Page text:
Well yes, security researchers are. The ones that have a legitimate claim to the title "Security Researcher" bring the vulnerability information first to the company that makes the vulnerable software. Here's where things get tricky. As a software company, you are supposed to:
A) PAY THE RESEARCHER FOR FINDING AN ISSUE IN YOUR SOFTWARE
B) PATCH THE HOLE. (Perhaps by getting the assistance of the researcher.)
If you simply ignore the information about the vulnerability, then why shouldn't that researcher release the information publicly? You obviously don't care enough to support independent analysis of your software, nor do you care enough to patch it. This means that you are then a liability to your customers, and they deserve to be informed. This is no different than the current movement by regular citizens to demand that the governments of the world put into place laws that reveal when security breeches occur which would have left personally identifiable information vulnerable.
If you are unwilling to put the time, effort and money into your products to secure them yourselves then you deserve to go out of business: your products are a liability to those who use them.
Security Researchers shouldn’t just be paid for their work; their work should be funded by a coalition of all software development companies, and managed by an industry organisation. Companies and individuals should have to get a licence to be allowed to release code into the wild, that licence fee should scale to the size of the project, number of customers and the amount of personal information that code can potentially put at risk. (You pay a fee each year to register your car, and periodically to renew your driver's license, I see this as little different.) That money should go to the aforementioned industry organisation as a means of creating a "bounty pool" for security researchers. This then would be guaranteed funding for them, incentive for them to continue, and would mean that legitimate researchers would be registered with the industry association. These people would have their “white hats” firmly in place. ("Rogue" researchers would thus be firmly into “grey hat” territory and could be thus legitimately hunted. “Black hats” wouldn’t bother disclosing anything publicly to begin with.)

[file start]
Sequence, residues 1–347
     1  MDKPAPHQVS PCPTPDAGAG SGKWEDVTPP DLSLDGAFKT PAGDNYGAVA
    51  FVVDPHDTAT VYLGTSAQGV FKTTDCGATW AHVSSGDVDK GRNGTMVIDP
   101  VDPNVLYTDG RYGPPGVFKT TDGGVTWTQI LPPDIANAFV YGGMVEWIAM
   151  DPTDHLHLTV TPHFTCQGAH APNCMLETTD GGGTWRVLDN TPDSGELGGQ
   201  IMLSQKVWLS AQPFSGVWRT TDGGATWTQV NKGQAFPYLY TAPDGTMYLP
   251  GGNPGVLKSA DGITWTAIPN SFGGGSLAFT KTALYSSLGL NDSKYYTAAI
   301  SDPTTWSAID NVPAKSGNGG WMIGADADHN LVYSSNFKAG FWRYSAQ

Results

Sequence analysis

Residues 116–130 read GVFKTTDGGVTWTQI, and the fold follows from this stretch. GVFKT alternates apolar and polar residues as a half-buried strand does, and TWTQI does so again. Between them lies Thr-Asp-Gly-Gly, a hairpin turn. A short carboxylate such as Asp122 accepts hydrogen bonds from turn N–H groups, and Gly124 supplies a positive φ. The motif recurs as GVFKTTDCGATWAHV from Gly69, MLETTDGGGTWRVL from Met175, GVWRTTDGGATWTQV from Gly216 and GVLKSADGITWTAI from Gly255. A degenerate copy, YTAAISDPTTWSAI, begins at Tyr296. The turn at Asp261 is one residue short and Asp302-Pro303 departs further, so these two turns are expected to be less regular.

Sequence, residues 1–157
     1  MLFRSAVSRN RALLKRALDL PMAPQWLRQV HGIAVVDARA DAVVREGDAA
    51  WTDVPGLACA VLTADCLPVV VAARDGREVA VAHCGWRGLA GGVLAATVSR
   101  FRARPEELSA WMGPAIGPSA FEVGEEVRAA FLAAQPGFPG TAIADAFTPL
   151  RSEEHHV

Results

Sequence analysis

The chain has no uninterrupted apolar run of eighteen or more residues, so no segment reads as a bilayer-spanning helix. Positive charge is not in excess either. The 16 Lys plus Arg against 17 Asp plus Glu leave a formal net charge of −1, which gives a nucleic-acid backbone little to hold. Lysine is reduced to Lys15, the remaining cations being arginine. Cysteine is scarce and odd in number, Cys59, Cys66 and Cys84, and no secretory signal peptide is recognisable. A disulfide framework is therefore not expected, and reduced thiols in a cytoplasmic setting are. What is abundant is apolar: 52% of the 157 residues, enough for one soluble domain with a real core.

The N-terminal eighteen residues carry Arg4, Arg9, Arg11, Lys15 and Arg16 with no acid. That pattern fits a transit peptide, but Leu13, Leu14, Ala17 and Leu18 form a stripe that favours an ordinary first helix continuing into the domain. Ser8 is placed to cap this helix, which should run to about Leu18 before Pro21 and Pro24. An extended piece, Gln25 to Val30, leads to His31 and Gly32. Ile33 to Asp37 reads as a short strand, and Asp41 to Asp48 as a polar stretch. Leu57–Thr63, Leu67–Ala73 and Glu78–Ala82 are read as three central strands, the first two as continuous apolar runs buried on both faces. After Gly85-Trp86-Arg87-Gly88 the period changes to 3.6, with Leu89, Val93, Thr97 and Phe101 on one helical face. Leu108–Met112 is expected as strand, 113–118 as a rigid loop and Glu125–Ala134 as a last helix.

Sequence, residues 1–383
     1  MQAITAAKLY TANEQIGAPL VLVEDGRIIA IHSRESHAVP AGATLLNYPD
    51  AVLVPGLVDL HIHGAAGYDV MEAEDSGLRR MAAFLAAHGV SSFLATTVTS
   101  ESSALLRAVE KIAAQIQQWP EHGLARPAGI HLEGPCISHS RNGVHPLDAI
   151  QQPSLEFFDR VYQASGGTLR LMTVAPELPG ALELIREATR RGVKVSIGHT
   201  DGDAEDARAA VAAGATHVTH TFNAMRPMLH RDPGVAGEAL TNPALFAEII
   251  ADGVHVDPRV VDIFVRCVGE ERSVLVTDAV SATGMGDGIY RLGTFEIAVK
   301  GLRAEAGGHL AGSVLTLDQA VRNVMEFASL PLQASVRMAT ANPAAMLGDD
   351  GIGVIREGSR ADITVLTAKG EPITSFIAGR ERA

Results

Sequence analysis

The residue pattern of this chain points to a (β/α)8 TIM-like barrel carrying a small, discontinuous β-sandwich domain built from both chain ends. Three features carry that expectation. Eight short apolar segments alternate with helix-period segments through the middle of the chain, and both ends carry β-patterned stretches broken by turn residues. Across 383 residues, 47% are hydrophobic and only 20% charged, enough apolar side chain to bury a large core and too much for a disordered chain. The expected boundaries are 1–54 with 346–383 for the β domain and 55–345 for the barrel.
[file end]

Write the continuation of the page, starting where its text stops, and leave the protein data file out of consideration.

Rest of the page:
This would have the added bonus of ensuring that the information discovered by these researchers would have to be disclosed to the industry organisation, and all companies would have a minimum time to respond before the organisation itself published that information. The timeframe available would be shorter based on the seriousness of the bug.
Don’t try turning white hats into criminals. White hats are the only defence you have against black hats.